And so let freedom ring from the prodigious hilltops of New Hampshire.

Let freedom ring from the mighty mountains of New York.

Let freedom ring from the heightening Alleghenies of Pennsylvania.

Let freedom ring from the snow-capped Rockies of Colorado.

Let freedom ring from the curvaceous slopes of California.

But not only that:

Let freedom ring from Stone Mountain of Georgia.

Let freedom ring from Lookout Mountain of Tennessee.

Let freedom ring from every hill and molehill of Mississippi.

From every mountainside, let freedom ring.

And when this happens, when we allow freedom ring, when we let it ring from every village and every hamlet, from every state and every city, we will be able to speed up that day when all of God's children, black men and white men, Jews and Gentiles, Protestants and Catholics, will be able to join hands and sing in the words of the old Negro spiritual:

Free at last! Free at last!

Thank God Almighty, we are free at last!

From American Rhetoric

Wednesday, January 12, 2011

About Hope

My friend, Tracey, has a great blog post today on the evils of Hope. Hope being evil? According to the ancients it was. That's why Hope was in Pandora's Jar. It was the greatest of all evils because it deluded humans into believing they could defy the will of the gods.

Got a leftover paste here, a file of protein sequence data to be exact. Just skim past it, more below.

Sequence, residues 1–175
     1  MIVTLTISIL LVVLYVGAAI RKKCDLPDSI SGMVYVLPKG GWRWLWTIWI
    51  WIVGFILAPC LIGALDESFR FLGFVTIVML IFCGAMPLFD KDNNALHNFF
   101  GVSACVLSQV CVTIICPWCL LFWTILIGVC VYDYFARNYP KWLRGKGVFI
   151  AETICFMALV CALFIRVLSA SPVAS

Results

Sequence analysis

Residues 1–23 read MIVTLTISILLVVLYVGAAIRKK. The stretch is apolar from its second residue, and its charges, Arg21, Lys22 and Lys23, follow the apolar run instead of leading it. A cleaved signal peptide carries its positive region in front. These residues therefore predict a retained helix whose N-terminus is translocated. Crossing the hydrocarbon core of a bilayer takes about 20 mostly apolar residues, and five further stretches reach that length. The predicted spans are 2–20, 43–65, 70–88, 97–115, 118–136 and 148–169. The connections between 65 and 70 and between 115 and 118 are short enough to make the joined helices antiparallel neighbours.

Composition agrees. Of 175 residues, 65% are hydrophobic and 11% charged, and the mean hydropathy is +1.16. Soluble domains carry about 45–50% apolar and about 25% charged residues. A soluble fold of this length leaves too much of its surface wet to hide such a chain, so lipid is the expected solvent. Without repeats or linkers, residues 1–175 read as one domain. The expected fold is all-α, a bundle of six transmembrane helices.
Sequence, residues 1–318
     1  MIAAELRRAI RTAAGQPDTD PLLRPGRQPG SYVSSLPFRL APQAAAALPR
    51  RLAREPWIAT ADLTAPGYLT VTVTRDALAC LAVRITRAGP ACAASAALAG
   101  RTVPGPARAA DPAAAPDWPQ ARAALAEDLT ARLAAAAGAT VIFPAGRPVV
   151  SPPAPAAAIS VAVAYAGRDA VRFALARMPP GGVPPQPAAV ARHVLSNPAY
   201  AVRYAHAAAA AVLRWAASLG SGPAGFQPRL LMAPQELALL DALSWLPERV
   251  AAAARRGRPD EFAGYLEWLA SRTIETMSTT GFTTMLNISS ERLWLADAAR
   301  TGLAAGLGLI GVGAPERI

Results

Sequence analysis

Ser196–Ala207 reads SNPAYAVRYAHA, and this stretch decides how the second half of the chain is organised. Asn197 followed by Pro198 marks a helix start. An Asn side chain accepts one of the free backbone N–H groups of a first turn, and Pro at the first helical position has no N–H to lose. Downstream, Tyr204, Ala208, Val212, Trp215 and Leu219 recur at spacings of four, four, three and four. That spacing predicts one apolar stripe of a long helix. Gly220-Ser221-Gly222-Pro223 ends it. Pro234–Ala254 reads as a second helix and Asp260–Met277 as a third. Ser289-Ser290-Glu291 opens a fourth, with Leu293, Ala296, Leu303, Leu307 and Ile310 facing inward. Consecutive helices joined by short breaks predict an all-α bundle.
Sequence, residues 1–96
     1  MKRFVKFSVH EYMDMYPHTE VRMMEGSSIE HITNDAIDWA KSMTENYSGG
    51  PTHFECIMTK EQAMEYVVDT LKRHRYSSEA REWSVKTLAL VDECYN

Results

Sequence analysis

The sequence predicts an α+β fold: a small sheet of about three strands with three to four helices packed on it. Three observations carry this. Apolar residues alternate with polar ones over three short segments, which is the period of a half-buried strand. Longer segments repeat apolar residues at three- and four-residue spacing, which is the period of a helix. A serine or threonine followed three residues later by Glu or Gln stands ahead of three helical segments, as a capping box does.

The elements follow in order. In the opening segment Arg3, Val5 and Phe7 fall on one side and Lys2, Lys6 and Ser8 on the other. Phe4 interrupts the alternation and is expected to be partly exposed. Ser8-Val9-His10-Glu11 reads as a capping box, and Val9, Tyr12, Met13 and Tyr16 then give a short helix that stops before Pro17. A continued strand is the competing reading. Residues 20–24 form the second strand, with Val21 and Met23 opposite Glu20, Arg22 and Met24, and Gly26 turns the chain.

Hope is part of our survival mechanism. If we look at our emotional framework as an evolutionary construct (90% of human history was pre-civilization, meaning we were hunter-gatherers struggling to survive most of our existence) Hope arose as a means of survival. Survival of the Fittest as Darwin proposed not only includes the physically and mentally strong, but the emotionally strong as well.

When times were tough, when there was no food and villages were starving, those that not only had the strength to survive but also the belief that they would survive did so. It allowed them to believe that there was another day to come. That they could find an animal farther down the Savannah, or a source of water, or a berry bushes on the other side of the mountain path, etc.

Remember, humans were originally nomadic people. That's how we populated the Earth. Without Hope this would never have been possible.

So, we may begrudge Hope for deluding us, make us believe that the impossible is possible , but Hope, above all, has made us human.

Saturday, January 1, 2011


Happy New Year to one and all. May this new year be better than the last.